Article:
Read tops campaign spending

Exceeds $50,000 to win Maple Ridge election, last November 2014

Nicole Read not only earned the most votes in the 2014 election, she spent the most money in becoming mayor of Maple Ridge.

Read spent $50,867 of her own money, without taking a single donation, with $3,000 of her total campaign expense coming from her company, The History Group, and the balance made up of her own personal funds.

Her total campaign expenses are $10,000 more than runners up Michael Morden and Ernie Daykin who spent $39,330 and $29,354, respectively.

Morden was a councillor seeking to become mayor, while Daykin was trying for a third term as mayor.

“Had to unseat two incumbents,” Read explained Monday. “For me, it was an investment in the community.”

Read, who won with a total of 5,637 votes, said that her election spending evolved during the campaign and as the Nov. 15 voting day approached, more money was spent on newspaper advertising.

Elections B.C., is now in charge of the campaign financing disclosure forms and its website details all expenses and donations for those who sought a city council or school board seat in B.C.

Morden, who placed second, earning 4,825 votes, spent more than planned.

“Originally, we anticipated on spending in the early 30s [thousands], not past there.”

But in the last week, he did two rounds of electronic phone calls to every household in Maple Ridge.

That cost about $6,000 and resulted in many calls back asking for polling information.

“It wasn’t cheap,” he said.

Morden added there were two reasons he lost the election.

“We fell short in a couple areas: one – I’m not a woman.

“Nicole was the only woman in the campaign. It gives her a strategic advantage when the rest of them are men.”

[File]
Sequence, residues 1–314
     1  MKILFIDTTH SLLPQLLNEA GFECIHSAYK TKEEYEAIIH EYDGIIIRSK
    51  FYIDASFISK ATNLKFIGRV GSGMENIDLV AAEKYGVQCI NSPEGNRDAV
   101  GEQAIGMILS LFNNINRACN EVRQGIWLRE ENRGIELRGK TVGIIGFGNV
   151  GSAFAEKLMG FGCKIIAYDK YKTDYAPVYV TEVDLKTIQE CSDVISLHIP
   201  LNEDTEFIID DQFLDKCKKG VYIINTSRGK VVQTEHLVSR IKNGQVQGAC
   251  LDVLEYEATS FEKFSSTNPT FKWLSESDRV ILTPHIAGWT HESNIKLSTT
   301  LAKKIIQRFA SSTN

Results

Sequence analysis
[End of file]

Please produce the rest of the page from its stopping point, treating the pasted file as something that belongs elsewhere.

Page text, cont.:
Graham Mowatt and Gary Cleave were also running for mayor.

“It’s a fact of life. I don’t have an issue with it one way or the other, it’s just the way it is,” Morden said.

Read, being the only woman in the mayoralty campaign, might have resonated when people were looking for change or an alternative.

Not getting support of the labour force also hurt, Morden added.

Spending varied among other councillors. Gordy Robson, former mayor, spent only $2,000 – relying on name recognition to earn votes.

His campaign manager, Mary Robson, said they placed four road signs with fluorescent paint and used Internet and social media.

But Read, being a newcomer, said she needed to spend more.

Council veterans Craig Speirs and Bob Masse spent roughly similar amounts, $7,011 and $6,834, respectively.

However, newcomers Tyler Shymkiw spent $18,400 and Kiersten Duncan, $15,753.

Corisa Bell spent $8,988 in getting elected to a second term.

In Pitt Meadows, Mayor John Becker outspent his two rivals, spending $15,250 versus $13,159 by Michael Hayes and virtually nothing by the third mayoralty candidate, Gary Paller.

Becker contributed $12,750 of his own funds to his campaign.

 

 

 

 

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